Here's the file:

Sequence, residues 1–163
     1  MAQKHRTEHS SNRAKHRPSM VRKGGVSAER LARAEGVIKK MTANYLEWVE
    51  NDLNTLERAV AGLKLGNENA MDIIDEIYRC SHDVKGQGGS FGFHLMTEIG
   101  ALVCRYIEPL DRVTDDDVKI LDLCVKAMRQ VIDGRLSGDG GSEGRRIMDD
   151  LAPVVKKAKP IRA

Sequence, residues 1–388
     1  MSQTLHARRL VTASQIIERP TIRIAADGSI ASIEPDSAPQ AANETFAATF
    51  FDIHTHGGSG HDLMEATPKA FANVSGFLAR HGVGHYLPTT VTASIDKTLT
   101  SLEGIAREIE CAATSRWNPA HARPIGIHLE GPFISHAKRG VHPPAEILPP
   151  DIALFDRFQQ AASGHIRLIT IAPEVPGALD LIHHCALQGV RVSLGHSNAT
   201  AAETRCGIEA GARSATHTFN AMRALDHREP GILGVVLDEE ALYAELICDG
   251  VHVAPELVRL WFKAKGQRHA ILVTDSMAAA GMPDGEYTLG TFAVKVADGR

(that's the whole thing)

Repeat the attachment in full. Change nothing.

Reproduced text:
Sequence, residues 1–163
     1  MAQKHRTEHS SNRAKHRPSM VRKGGVSAER LARAEGVIKK MTANYLEWVE
    51  NDLNTLERAV AGLKLGNENA MDIIDEIYRC SHDVKGQGGS FGFHLMTEIG
   101  ALVCRYIEPL DRVTDDDVKI LDLCVKAMRQ VIDGRLSGDG GSEGRRIMDD
   151  LAPVVKKAKP IRA

Sequence, residues 1–388
     1  MSQTLHARRL VTASQIIERP TIRIAADGSI ASIEPDSAPQ AANETFAATF
    51  FDIHTHGGSG HDLMEATPKA FANVSGFLAR HGVGHYLPTT VTASIDKTLT
   101  SLEGIAREIE CAATSRWNPA HARPIGIHLE GPFISHAKRG VHPPAEILPP
   151  DIALFDRFQQ AASGHIRLIT IAPEVPGALD LIHHCALQGV RVSLGHSNAT
   201  AAETRCGIEA GARSATHTFN AMRALDHREP GILGVVLDEE ALYAELICDG
   251  VHVAPELVRL WFKAKGQRHA ILVTDSMAAA GMPDGEYTLG TFAVKVADGR